Manikkavacakar

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MaanickaVaasagar ManiVaasagar
The Hindu Saint Manikkavacakar LACMA AC1997.16.1 (1 of 12).jpg
MaanickaVaasagar
Born Vaadhavoor Adigal
TiruVadhavoor
Titles/honours Nayanar saint, Naalvar
Philosophy Shaivism Bhakti
Literary works Tiruvacakam, Tevaram ThiruVaasagam ThirukKovaiyaar
Quotation Namachivaaya Vaazhga

Maanikavasagar was a 9th-century Tamil poet who wrote Tiruvasakam, a book of Shaiva hymns. Manikkavasakar was one of the main authors of saivite tirumurai: his work forms one volume of the Tirumurai, the key religious text of Tamil Shaiva Siddhanta. A minister to the Pandya king Varagunavarman II (c. 862 C.E. – 885 C.E.) (also called Arimarthana Pandiyan), he lived in Madurai. His work is a poetic expression of the joy of God-experience, the anguish of being separated from God. Although he is a prominent saint in Southern India, he is not counted among the sixty-three nayanars.

Life[edit]

Om symbol
Tirumurai
Om symbol
The twelve volumes of Tamil Śaiva hymns of the sixty-three Nayanars
Parts Name Author
1,2,3 Tirukadaikkappu Sambandar
4,5,6 Tevaram Tirunavukkarasar
7 Tirupaatu Sundarar
8 Tiruvacakam &
Tirukkovaiyar
Manikkavacakar
9 Tiruvisaippa &
Tiruppallaandu
Various
10 Tirumandhiram Tirumular
11 Various
12 Periya Puranam Sekkizhar
Paadal Petra Sthalam
Paadal Petra Sthalam
Raja Raja Chola I
Nambiyandar Nambi

Manikkavasakar is said to have born in Vadhavoor (Thiruvadhavoor, near by Melur in Madurai district), seven miles from Madurai on the banks of river Vaigai. He belonged to saivite brahmin temple priest guild. His father was a temple priest.[1] The group wore a top tilted knot to denote servitorship to Lord Siva like sambandar, etc. A mural and statuette of Manikkavasagar with head knot is seen in Tirupperunturai near Pudukkotai. A poetic and elaborate hagiography of Manikkavasagar and his works was written in the 16th century and is called Tiruvilayadal puranam, meaning "An account of divine deeds". The same is not available now in its original form. Another called Vadhavoorar puranam and yet another Sanskrit work of the 12th century CE on the same saint is now missing.

According to accounts the king of Pandyan dynasty had selected Manikkavasagar as a part of his legion after seeing his military acumen and had once entrusted him with a large amount of money to purchase horses for his cavalry. On his way he met an ascetic devotee of Siva, who in fact was Siva himself. Manikkavasakar received enlightenment, realised that material things are transitory and built the temple of Siva in Tirupperunturai with the money.[2] King Varaguna also was preached with knowledge of reality and blessed with mukthi after Lord Siva made him realize his small worldly mistake. Varaguana maharaja immediately gave up his throne and attained muthi at feet of Lord Sivan.

Manikkavasakar's birth name is unclear, but he was known as Vadhavoorar after his birthplace. Manikkavasakar means man with words as precious as Manikam.

Literary work[edit]

Thereafter Manikkavasakar moved from one place to other, singing and composing devotional songs. Finally, he settled in Chidambaram. His Tiruvasakam is placed near the idol of Shiva there.several verses of tiruvasagam including the accho patikam after singing which he attained mukti at thillai nataraja's feet are also engraved in the walls of the chidambaram temple. The tiruchazhal hymn after singing which the communal buddists were exposed is also engraved in one of the prakarams. The work tiruchitrambalakkovaiyar was sung entirely in thillai chidambaram. Throughout his work manikkavasagar discusses how important it is to forego attachments and cultivate dispassionate, devoted, sincere and simple hearted love to lord siva inorder to attain his beatitude and also that the fiveletters of namasivaya alone give one mukti.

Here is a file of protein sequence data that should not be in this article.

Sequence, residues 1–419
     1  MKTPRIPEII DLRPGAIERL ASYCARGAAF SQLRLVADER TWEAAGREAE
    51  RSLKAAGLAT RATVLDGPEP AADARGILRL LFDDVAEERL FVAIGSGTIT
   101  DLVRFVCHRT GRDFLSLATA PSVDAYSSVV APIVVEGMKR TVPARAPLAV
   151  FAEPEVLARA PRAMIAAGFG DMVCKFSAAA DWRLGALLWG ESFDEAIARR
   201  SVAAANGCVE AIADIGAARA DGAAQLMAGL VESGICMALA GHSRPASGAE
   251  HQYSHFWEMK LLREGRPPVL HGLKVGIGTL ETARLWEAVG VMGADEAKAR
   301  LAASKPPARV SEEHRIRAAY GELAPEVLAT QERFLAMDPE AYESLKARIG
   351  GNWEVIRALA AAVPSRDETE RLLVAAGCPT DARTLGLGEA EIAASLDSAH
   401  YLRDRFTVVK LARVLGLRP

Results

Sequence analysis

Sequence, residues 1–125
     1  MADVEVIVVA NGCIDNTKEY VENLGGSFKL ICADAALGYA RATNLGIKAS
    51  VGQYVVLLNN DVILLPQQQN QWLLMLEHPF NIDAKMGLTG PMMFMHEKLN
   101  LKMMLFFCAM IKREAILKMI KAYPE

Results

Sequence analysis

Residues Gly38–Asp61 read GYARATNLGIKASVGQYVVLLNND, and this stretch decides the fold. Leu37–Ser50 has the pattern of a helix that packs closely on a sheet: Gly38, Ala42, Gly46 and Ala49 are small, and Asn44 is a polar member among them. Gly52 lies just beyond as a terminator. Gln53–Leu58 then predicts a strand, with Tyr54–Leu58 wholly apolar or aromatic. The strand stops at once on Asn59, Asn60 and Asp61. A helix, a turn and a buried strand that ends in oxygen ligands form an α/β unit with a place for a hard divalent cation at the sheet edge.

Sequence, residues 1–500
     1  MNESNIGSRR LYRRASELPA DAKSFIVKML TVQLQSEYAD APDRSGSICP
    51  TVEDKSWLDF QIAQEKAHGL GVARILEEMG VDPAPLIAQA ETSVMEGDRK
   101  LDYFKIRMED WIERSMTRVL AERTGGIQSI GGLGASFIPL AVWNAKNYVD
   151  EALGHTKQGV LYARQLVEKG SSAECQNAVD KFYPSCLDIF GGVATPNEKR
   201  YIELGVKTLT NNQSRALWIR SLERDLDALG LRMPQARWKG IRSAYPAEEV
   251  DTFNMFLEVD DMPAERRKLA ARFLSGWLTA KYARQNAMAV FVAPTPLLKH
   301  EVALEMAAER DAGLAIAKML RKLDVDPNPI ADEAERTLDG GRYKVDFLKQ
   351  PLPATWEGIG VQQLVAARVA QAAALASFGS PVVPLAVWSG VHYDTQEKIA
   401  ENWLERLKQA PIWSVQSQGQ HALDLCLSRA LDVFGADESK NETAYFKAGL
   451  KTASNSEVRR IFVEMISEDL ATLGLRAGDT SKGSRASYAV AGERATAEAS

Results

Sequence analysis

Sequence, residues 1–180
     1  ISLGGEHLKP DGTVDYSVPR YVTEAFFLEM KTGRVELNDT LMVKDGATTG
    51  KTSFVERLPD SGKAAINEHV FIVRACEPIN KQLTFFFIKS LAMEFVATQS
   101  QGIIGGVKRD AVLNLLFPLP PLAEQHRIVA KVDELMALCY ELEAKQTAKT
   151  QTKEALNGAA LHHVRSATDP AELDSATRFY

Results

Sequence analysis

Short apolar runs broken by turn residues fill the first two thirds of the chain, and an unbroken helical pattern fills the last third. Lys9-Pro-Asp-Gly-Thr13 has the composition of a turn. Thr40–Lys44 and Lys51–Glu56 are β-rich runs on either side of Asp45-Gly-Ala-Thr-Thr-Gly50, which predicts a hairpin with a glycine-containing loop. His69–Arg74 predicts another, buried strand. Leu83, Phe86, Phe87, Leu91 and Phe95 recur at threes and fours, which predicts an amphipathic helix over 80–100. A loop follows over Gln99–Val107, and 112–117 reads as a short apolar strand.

Manikkavasakar's work has several parts. The Tiruvembavai , a collection of twenty hymns in which he has imagined himself as a woman following the Paavai Nonbu and praising Shiva. The twenty songs of Tiruvembavai and ten songs of Tiruppalliezhuchi on the Tirupperunturai Lord are sung all over Tamil Nadu in the holy month of Margazhi ( The 9th month of the Tamil calendar, December and January).

Manickavasagar is believed to have won intellectual arguments with Buddhists of Ceylon at Chidambaram.[3] His festival is celebrated in the Tamil month of Aani (June - July). Manikkavasakar's hagiography is found in the Thiruvilaiyadar Puranam (16th century AD).

In 1921, an English translation of Manikkavacakar's hymns was done by Francis Kingsbury and GE Phillips, both of United Theological College, Bangalore (Edited by Fred Goodwill) and published in a book as Hymns of the Tamil Śaivite Saints, by the Oxford University Press [4]

Associated temples[edit]

Manickavasagar visited various temples in Thanjavur, North Arcot, Chengalpattu, Madras, Tirunelveli and Madurai districts and revered the deities.[5]

  • Sculptures illustrating his life are found in the Minakshi-Sundaresvara temple at Madurai.[6]
  • Manikkavasakar is said to have built the temple of Siva in Tirupperunturai.♥

Tiruvembavai is sung along with Andal's Tiruppavai widely across the temples in Tamil Nadu during the Tamil month of Margazhi (December - January).[7]

Notes[edit]

  1. ^ Nayanars
  2. ^ B.S. 2011, p. 77
  3. ^ B.S. 2011, p. 162
  4. ^ Kingsbury, F (1921). Hymns of the Tamil Saivite Saints (1921) (PDF). Oxford University Press. p. 84-127. Retrieved 8 July 2014. 
  5. ^ B.S. 2011, p. 36
  6. ^ R.K.K., Rajarajan (2006). Art of the Vijayanagara-Nayakas: Architecture and Iconography. Delhi: Sharada Publications. 
  7. ^ B.S. 2011, p. 74

[1]==References==

  • B.S., Chandrababu; S., Ganeshram; C., Bhavani (2011). History of People and Their Environs. Bharathi Puthakalayam. ISBN 9789380325910. 
  1. ^ http://kthillairaj.blogspot.in/2014_06_01_archive.html